Date of Award


Document Type


Degree Name

Master of Arts (MA)



Committee Chair

Aurora Torres

Committee Member

Eric Seemann

Committee Member

Sandra Carpenter


Stress (Psychology), Wit and humor--Therapeutic use., Listening.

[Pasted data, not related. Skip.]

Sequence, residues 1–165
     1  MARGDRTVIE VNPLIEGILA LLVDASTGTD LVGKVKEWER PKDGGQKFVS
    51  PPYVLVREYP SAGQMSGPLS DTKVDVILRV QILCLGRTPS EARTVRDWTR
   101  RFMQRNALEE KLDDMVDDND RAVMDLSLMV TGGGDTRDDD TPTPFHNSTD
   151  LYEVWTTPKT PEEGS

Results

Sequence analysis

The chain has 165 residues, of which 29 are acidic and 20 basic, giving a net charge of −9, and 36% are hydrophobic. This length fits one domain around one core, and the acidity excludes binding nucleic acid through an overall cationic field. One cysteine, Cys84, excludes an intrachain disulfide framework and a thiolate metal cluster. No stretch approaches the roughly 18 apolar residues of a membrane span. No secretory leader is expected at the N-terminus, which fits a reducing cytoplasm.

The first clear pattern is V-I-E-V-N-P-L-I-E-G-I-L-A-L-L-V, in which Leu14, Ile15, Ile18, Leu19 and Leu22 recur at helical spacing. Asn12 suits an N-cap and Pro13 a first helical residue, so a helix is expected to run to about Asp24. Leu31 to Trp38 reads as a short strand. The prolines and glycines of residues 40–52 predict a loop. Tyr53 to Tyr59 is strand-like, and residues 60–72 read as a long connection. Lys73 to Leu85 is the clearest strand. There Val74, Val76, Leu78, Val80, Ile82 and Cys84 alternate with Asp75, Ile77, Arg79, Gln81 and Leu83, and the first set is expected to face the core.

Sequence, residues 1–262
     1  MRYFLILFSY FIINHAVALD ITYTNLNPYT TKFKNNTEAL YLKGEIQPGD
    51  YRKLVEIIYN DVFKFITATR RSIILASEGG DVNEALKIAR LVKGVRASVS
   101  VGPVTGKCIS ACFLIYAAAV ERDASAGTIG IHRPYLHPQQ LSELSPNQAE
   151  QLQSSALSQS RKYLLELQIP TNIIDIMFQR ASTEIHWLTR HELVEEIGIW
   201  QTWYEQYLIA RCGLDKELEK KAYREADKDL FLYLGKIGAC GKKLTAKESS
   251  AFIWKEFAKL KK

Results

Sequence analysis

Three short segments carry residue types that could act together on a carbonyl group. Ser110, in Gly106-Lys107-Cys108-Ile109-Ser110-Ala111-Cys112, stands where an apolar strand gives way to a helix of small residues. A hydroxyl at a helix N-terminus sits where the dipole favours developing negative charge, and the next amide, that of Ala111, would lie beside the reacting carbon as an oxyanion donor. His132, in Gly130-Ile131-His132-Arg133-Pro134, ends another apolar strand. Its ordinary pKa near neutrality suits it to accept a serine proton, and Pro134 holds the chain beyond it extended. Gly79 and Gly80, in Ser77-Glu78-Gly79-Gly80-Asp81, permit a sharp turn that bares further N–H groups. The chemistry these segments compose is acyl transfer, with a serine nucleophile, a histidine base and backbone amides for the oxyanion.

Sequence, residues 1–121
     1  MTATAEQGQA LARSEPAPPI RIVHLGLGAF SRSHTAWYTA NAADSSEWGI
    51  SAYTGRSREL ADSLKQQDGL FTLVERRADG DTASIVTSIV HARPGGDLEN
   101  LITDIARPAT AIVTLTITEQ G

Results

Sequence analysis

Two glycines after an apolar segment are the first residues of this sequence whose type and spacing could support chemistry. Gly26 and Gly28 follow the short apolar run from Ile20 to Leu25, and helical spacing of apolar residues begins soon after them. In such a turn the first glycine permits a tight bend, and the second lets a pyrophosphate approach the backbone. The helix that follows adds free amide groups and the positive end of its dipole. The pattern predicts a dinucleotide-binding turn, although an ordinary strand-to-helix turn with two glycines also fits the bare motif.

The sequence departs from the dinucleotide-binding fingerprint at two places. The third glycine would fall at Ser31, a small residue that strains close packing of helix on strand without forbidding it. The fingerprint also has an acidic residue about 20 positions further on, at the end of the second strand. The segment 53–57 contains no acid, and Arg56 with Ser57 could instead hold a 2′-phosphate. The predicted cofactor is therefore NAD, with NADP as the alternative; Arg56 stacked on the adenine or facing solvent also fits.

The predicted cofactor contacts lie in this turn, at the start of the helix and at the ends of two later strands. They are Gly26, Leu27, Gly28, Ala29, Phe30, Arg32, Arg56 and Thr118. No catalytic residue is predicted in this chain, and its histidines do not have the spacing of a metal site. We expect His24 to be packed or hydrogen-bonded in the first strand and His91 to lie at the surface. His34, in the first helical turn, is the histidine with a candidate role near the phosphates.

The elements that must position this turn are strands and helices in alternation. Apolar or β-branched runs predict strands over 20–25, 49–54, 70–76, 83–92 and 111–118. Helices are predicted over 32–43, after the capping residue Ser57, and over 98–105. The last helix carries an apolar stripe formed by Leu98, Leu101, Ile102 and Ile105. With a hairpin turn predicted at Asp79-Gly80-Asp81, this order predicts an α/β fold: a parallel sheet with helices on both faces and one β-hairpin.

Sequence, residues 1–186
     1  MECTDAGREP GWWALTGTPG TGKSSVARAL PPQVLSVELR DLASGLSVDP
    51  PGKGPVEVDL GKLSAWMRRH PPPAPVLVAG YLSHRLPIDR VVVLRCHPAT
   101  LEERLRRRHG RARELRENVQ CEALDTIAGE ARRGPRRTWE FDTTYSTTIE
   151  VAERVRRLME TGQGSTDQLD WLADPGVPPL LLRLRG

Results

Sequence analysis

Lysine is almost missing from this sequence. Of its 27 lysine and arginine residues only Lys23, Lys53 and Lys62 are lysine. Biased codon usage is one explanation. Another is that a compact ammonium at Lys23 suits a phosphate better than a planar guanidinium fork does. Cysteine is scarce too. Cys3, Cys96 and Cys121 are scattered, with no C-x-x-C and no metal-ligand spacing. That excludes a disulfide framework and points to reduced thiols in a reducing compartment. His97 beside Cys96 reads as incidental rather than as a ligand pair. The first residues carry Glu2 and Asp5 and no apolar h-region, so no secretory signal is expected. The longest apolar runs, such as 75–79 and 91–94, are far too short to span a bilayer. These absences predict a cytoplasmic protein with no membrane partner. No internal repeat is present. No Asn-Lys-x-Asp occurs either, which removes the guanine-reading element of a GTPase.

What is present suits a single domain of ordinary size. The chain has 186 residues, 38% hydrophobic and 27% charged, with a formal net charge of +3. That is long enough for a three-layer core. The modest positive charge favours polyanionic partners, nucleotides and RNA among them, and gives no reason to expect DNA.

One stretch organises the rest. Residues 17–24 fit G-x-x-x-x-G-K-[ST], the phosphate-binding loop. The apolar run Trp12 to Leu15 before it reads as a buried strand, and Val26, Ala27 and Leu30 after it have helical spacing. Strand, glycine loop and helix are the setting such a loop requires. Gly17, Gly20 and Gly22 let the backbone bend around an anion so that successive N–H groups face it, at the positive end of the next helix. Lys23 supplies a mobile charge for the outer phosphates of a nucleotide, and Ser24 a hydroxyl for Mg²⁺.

The current experiment examined how humor influences the effects of stress induced by mental workload. Participants completed a Modified Listening Span task (MLS) that was chosen to induce mental workload and measure working memory capacity. Participants also viewed a series of neutral and positive images, one of three videos, completed a workload measure before and after the MLS, and pulse wave amplitude readings were collected throughout the experiment. Participants reported higher workload ratings following completion of the MLS, demonstrating an increased mental workload. Subjective stress ratings and PWA readings were higher following the completion of the MLS, illustrating an increase in subjective and physiological stress. The humor video elicited a decrease in subjective stress when compared to the other two video conditions, indicating that the humor video decreased perceived stress. The obtained results suggest that the presentation of humor has the ability to alleviate induced stress.



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